4 • Legal problems resulting from substance use. • Continued substance use in spite of having suffered social, emotional, professional, or physical problems related to the use. • Experiencing blackouts and not remembering all or parts of a day/evening while using the substance. • Poor decision making as a result of substance use. • Missing work (if employed) or experiencing lower grades (if in school). • Neglecting obligations to family, friends, work, school, etc. • Concerns and complaints expressed by family, friends, employer concerning substance use. • Use of the substance to relax, sleep, socialize, etc. If three or more of these items are checked off, this indicates an addiction or dependence upon a substance. This means you should seek help immediately. Accept responsibility for your life. You’re the only one who can correct the problem. No one can do this for you. Speak confidentially with someone you trust who can guide you in the right direction, perhaps your physician, spiritual leader or a good friend.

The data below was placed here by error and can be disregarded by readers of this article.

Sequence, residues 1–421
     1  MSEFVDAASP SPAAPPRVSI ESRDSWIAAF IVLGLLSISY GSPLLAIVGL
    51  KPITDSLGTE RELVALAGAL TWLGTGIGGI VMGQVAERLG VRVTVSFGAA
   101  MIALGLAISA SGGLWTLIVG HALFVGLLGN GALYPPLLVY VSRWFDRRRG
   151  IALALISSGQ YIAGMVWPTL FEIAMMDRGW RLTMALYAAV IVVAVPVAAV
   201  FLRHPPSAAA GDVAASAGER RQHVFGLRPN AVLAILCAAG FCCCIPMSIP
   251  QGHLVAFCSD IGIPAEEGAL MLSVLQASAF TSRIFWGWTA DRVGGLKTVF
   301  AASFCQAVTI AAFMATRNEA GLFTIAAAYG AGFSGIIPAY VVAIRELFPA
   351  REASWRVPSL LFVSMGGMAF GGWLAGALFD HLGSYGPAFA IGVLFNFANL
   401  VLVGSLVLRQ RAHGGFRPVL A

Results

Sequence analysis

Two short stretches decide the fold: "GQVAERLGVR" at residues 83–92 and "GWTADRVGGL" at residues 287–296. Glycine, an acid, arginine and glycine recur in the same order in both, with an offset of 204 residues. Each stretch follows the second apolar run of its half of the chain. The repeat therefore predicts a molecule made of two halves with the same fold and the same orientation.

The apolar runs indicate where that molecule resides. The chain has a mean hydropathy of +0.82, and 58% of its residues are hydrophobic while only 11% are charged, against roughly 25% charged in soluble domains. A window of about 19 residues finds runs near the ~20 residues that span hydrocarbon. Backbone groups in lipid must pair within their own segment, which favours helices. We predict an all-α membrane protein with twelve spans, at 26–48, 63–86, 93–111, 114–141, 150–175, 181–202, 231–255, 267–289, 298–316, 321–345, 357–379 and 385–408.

5 2 Find a 12-Step Program Most self-help support groups dealing with addictions are patterned after the TWELVE STEPS, copyrighted by Alcoholics Anonymous and used by other groups who also wish to bring their lives into control. 1. We admitted we were powerless over alcohol—that our lives had become unmanageable. 2. Came to believe that a Power greater than ourselves could restore us to sanity. 3. Made a decision to turn our will and our lives over to the care of God as we understood Him. 4. Made a searching and fearless moral inventory of ourselves. 5. Admitted to God, to ourselves, and to another human being the exact nature of our wrongs. 6. We are entirely ready to have God remove all these defects of character. 7. Humbly asked Him to remove our shortcomings. 8. Made a list of all persons we had harmed and became willing to make amends to them all. 9. Made direct amends to such people wherever possible, except when to do so would injure them or others.